We pass through many fazes in recovery during a head trauma, and it is always important to watch for fear and sadness.  I have been ever vigilant with Frank to ensure that he did not dwell or worry about this process – fear can suck the life out of drive, and with his focus and will, I did not want worry to interfere with his recovery.

As Frank has progressed, I have less and less control over what is going on in his brain. He is not always forthright with me on his pain, worries and concerns. Lucky for me, he tends to become chatty as he is falling asleep, and it is in those moments of unfiltered conversation that I learn about his fears for the future, and how I can better support him during his journey.

Frank continues to push to go back to work. Those of you that know him personally can attest that he is a cop, and wants nothing more than to get back to being a cop.  He does not enjoy idling away time, and unless he is fishing at the lake, prefers to be at work.  Fear for his job, regardless if valid, keeps him pushing each day, sometimes to the point of exhaustion.  Although many have reinforced the idea that he has the time to heal, to recover, and there is no pending “deadline” out there, he just doesn’t trust us.

Yesterday he got to ask questions of his department and city, and I think he felt better about the future. Knowing how much they support him brought a level of calm to him yesterday, although nothing will relieve it completely until he is back at work full time. As a mom, you always want to protect your children from fear, and hurt, and others being cruel or judgmental. I struggle with applying that relationship on Frank – always trying to buffer things around him, helping him out in conversation, making sure he knows the way, watching out for him, it is so difficult to step out of that role. Frank needs to stand on his own, and work through things by himself without me safe guarding him all the time. I have taken to physically stepping away from him at stores, parking lots, and the gym, and allowing him to figure things out on his own.  Yesterday he was on the treadmill at the gym, a MAJOR stress event for me, because I am so worried he will trip and fall ( seriously though, if that happened, it’s not like I could catch him!).  As he was running, I told him I was going to another machine, and walked away. I ended up three rows behind him, working out on my own for a while.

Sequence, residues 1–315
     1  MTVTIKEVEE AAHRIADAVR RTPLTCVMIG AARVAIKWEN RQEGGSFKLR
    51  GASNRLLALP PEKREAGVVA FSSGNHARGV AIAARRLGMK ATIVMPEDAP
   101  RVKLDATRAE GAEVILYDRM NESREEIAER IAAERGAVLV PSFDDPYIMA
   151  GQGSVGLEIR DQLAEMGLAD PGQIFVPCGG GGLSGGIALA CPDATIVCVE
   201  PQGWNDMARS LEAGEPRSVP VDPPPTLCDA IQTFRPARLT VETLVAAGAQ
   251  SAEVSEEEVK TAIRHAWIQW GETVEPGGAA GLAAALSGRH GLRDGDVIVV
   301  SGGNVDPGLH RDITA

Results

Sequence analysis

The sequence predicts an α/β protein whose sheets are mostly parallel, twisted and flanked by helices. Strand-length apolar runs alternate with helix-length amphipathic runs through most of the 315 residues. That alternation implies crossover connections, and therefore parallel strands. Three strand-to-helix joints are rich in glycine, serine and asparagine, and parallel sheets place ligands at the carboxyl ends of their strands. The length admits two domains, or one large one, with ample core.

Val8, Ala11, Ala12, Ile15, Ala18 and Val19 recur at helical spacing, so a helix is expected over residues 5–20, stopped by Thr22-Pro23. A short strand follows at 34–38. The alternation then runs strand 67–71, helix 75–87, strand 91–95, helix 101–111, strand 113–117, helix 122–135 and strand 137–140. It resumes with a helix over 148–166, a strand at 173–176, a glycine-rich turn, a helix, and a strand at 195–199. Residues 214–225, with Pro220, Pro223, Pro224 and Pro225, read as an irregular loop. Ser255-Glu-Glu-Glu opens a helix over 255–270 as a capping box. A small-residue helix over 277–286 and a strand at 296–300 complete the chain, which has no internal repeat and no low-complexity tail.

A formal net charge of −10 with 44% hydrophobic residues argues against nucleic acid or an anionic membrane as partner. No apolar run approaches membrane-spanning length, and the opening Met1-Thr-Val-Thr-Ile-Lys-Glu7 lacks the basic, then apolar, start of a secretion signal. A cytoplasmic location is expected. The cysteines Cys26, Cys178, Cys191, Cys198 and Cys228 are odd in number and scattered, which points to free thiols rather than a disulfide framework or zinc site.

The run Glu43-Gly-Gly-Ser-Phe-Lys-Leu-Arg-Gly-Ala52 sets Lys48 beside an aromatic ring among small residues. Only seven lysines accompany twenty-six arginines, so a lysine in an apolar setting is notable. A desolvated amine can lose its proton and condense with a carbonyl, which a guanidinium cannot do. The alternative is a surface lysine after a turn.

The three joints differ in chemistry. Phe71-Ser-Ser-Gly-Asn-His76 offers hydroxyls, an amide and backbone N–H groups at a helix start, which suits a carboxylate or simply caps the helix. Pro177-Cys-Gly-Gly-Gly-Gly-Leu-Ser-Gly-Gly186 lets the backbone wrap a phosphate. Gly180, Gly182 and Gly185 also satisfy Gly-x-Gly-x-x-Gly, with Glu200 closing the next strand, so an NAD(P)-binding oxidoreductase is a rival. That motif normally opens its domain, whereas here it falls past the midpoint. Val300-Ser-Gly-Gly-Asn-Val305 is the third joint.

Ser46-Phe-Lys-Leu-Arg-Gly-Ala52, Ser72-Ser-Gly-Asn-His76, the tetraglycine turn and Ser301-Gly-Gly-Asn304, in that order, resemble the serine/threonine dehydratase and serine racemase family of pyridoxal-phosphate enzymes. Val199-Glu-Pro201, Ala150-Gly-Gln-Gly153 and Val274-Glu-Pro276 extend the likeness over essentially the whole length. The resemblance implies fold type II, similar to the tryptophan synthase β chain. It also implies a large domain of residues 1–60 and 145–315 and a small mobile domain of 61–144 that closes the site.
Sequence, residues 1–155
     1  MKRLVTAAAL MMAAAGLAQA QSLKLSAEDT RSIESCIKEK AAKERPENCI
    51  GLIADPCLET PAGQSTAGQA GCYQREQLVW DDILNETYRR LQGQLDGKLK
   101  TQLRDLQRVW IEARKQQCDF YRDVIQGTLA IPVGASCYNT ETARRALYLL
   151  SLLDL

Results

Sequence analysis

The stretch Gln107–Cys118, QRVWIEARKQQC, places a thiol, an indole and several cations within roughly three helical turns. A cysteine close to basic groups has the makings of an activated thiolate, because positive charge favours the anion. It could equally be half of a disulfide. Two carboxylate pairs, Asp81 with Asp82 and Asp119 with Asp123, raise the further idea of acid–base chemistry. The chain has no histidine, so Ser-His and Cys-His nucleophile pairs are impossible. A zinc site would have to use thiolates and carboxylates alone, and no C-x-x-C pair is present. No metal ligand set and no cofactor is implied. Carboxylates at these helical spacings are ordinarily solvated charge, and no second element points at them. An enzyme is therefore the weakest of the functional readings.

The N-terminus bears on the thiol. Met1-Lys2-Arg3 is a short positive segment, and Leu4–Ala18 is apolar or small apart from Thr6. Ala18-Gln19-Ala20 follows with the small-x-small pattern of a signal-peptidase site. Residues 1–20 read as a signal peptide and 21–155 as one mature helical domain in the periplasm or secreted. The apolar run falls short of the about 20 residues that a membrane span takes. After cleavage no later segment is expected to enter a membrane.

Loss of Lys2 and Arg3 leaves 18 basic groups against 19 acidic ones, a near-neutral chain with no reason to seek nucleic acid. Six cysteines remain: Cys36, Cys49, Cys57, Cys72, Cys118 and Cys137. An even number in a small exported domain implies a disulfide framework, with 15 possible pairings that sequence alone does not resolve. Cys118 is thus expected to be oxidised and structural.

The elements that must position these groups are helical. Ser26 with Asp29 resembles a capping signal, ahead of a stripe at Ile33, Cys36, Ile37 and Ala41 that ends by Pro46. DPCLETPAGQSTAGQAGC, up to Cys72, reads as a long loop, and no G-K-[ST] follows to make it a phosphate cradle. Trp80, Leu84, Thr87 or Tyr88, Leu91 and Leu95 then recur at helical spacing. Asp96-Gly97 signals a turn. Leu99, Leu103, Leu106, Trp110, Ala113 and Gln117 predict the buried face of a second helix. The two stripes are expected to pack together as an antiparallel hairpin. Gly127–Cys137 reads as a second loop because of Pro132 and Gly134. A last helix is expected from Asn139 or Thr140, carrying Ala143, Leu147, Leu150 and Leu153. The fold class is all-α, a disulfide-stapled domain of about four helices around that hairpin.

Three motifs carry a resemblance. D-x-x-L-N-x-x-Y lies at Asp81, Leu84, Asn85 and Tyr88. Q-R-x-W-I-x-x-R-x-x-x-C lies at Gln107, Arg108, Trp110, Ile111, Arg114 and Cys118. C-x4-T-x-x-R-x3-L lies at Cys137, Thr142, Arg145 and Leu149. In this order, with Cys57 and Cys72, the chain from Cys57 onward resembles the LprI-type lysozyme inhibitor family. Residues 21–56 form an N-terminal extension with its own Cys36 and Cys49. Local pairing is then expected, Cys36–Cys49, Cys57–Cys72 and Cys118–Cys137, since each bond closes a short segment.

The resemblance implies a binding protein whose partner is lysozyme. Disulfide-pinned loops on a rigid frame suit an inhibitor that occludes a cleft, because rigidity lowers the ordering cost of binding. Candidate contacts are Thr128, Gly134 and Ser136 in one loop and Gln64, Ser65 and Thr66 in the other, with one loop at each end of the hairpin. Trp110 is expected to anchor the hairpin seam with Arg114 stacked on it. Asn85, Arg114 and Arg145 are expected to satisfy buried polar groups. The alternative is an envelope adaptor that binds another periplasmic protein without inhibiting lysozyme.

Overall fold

It was one of the hardest moments I have had in a while, but clearly, he survived without me, and I made myself have a few moments alone.

It was a good thing.

As we look towards summer, and the multiple months of ongoing recovery, I am filled with a continued sense of rightness – being in the right place, on the right track, and doing the right thing. The funny thing about that is that I have no idea what that means. It kind of feels like finding the correct bus route, getting to the stop on time, and now I am just waiting for the bus to arrive.  And some days it feels like the bus is late, or maybe I missed it. Or it’s not coming?  Lots of emotions swarm around my (what I see as ) idleness. Busy and emotional weekend coming up – and next week is filled with lots of activities and events to attend.

Hopefully it will be a fun few days.

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